100 books like The Christian Imagination

By Willie James Jennings,

Here are 100 books that The Christian Imagination fans have personally recommended if you like The Christian Imagination. Shepherd is a community of 10,000+ authors and super readers sharing their favorite books with the world.

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Book cover of The Blacks of Premodern China

Geraldine Heng Author Of The Invention of Race in the European Middle Ages

From my list on race before the modern era.

Who am I?

I’m that infamous medievalist who wrote the big book on medieval race. It took 20 years of thinking and research, and a whole lot of writing, but now people are convinced that there was, indeed, such a thing as race and racism between the 11th and 15th centuries in the West (aka Christendom/Europe). I'm Perceval Professor of English and Comparative Literature, with a joint appointment in Middle Eastern studies and Women’s studies at the University of Texas at Austin.

Geraldine's book list on race before the modern era

Geraldine Heng Why did Geraldine love this book?

Everyone knows about how the People’s Republic of China treats Tibetans and Uighurs today, but how many know about premodern China’s response to people it considered foreign, barbarian, or Black?  Don Wyatt’s book shows how people in Southeast Asia—Sumatra, Java, the Malay archipelago—were considered by China as Black, alongside actual Africans.  An excellent companion book to read together with this is Shao-yun Yang’s The Way of the Barbarians: Redrawing Ethnic Boundaries in Tang and Song China.  Many books on race before the modern era focus on the West, but how about race elsewhere? How about China, a country that’s fast becoming a world power? 

By Don J. Wyatt,

Why should I read it?

1 author picked The Blacks of Premodern China as one of their favorite books, and they share why you should read it.

What is this book about?

Premodern Chinese described a great variety of the peoples they encountered as "black." The earliest and most frequent of these encounters were with their Southeast Asian neighbors, specifically the Malayans. But by the midimperial times of the seventh through seventeenth centuries C.E., exposure to peoples from Africa, chiefly slaves arriving from the area of modern Somalia, Kenya, and Tanzania, gradually displaced the original Asian "blacks" in Chinese consciousness. In The Blacks of Premodern China, Don J. Wyatt presents the previously unexamined story of the earliest Chinese encounters with this succession of peoples they have historically regarded as black.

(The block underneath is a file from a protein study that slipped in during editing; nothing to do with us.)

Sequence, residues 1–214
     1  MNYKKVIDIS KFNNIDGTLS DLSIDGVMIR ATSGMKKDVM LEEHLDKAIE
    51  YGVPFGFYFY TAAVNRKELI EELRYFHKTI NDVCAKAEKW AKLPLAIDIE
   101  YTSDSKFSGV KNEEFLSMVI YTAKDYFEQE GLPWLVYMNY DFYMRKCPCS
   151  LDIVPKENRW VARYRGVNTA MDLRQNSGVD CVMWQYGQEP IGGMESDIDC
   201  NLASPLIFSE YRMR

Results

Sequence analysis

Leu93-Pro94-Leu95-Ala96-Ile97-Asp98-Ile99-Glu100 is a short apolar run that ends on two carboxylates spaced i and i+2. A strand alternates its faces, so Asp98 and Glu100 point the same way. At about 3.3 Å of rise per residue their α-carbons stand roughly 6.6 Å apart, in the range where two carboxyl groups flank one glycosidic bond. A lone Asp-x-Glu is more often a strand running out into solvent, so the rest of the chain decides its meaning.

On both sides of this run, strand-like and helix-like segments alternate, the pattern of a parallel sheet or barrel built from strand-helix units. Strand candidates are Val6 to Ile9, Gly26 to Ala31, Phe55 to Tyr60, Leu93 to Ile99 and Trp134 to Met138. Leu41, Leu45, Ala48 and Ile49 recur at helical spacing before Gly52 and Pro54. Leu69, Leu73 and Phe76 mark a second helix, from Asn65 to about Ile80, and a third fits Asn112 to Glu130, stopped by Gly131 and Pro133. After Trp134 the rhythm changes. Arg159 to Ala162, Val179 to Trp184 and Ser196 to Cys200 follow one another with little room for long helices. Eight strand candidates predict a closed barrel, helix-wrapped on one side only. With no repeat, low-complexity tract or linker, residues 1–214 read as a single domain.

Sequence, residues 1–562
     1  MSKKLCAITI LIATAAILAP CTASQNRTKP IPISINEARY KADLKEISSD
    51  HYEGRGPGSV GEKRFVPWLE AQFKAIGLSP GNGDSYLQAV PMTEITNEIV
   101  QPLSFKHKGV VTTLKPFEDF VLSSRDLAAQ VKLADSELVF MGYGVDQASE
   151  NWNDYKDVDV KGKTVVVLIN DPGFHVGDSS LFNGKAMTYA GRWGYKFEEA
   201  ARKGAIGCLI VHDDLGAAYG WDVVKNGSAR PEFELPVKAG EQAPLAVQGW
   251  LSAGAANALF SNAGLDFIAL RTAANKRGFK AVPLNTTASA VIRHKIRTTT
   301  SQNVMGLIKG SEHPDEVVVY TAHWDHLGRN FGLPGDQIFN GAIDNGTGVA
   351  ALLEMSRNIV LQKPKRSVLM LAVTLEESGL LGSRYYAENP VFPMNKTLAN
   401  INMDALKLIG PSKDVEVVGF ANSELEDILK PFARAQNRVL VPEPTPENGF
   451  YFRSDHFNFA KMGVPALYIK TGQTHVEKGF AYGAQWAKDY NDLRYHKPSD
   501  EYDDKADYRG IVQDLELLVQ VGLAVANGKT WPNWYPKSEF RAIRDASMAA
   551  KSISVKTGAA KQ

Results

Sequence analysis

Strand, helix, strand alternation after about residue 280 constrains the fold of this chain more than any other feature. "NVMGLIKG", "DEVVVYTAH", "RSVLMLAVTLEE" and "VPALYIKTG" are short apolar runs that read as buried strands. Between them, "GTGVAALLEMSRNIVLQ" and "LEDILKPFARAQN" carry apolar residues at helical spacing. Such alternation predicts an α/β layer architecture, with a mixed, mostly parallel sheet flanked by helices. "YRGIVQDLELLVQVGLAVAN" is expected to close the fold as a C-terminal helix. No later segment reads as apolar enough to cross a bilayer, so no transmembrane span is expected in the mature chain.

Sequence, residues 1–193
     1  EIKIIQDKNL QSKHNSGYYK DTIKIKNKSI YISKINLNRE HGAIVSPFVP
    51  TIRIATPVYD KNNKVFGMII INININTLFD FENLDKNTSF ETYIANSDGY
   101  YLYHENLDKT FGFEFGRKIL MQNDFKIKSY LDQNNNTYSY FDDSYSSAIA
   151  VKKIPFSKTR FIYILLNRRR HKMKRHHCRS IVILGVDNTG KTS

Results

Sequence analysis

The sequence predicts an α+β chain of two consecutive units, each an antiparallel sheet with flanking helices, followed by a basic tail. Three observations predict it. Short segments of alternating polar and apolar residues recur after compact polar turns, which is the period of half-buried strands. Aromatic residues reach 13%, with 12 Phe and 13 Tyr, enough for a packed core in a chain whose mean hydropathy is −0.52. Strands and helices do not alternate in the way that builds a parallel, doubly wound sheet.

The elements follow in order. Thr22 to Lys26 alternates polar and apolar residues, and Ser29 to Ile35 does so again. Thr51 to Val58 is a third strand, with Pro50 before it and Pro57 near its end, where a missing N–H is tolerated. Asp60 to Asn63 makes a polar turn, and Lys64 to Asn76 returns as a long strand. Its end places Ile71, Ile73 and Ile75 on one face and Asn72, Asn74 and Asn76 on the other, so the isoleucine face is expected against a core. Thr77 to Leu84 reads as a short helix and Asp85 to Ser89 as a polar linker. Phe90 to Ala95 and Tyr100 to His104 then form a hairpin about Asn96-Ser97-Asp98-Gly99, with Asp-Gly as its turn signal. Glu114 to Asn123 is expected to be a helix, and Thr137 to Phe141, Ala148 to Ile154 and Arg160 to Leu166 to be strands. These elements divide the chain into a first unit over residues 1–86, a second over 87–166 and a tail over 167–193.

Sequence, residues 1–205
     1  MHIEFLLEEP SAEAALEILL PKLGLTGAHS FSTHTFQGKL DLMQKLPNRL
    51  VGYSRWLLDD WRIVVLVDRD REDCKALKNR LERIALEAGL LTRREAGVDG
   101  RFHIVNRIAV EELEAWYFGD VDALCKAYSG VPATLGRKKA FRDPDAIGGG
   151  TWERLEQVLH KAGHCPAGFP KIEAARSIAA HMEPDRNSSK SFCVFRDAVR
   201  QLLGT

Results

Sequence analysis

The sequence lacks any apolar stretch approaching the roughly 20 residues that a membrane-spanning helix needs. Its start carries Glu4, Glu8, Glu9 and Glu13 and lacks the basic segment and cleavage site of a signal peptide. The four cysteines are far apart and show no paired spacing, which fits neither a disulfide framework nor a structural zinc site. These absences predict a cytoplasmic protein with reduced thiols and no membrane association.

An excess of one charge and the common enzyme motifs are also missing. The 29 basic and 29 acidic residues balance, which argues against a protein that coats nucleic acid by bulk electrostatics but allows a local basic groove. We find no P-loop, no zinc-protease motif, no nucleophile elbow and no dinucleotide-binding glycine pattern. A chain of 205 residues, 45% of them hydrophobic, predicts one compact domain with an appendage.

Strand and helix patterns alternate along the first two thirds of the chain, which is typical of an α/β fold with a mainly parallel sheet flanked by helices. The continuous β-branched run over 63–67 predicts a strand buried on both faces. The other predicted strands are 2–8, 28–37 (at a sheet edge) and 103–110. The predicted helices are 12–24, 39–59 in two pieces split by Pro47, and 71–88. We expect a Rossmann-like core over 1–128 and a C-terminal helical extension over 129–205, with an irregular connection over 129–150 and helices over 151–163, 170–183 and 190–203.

A series…


Book cover of The Image of the Black in African and Asian Art

Geraldine Heng Author Of The Invention of Race in the European Middle Ages

From my list on race before the modern era.

Who am I?

I’m that infamous medievalist who wrote the big book on medieval race. It took 20 years of thinking and research, and a whole lot of writing, but now people are convinced that there was, indeed, such a thing as race and racism between the 11th and 15th centuries in the West (aka Christendom/Europe). I'm Perceval Professor of English and Comparative Literature, with a joint appointment in Middle Eastern studies and Women’s studies at the University of Texas at Austin.

Geraldine's book list on race before the modern era

Geraldine Heng Why did Geraldine love this book?

The Image of the Black in Western Art is a multi-volume series that extends from antiquity to the modern era, and it’s famous for its extraordinary images.  This series now has an excellent additional volume—on how Black peoples were portrayed in African, Middle Eastern, and Asian art.  The images from these non-Western regions of the world are incomparable, and the accompanying essays take us all the way from the beginnings to the present day. 

By David Bindman, Suzanne Preston Blier, Henry Louis Gates

Why should I read it?

1 author picked The Image of the Black in African and Asian Art as one of their favorite books, and they share why you should read it.

What is this book about?

The Image of the Black in African and Asian Art asks how the black figure was depicted by artists from the non-Western world. Beginning with ancient Egypt-positioned properly as part of African history-this volume focuses on the figure of the black as rendered by artists from Africa, East Asia, and the Indian subcontinent. The aesthetic traditions illustrated here are as diverse as the political and social histories of these regions. From Igbo Mbari sculptures to modern photography from Mali, from Indian miniatures to Japanese prints, African and Asian artists portrayed the black body in ways distinct from the European tradition,…


Book cover of Race: Antiquity and Its Legacy

Geraldine Heng Author Of The Invention of Race in the European Middle Ages

From my list on race before the modern era.

Who am I?

I’m that infamous medievalist who wrote the big book on medieval race. It took 20 years of thinking and research, and a whole lot of writing, but now people are convinced that there was, indeed, such a thing as race and racism between the 11th and 15th centuries in the West (aka Christendom/Europe). I'm Perceval Professor of English and Comparative Literature, with a joint appointment in Middle Eastern studies and Women’s studies at the University of Texas at Austin.

Geraldine's book list on race before the modern era

Geraldine Heng Why did Geraldine love this book?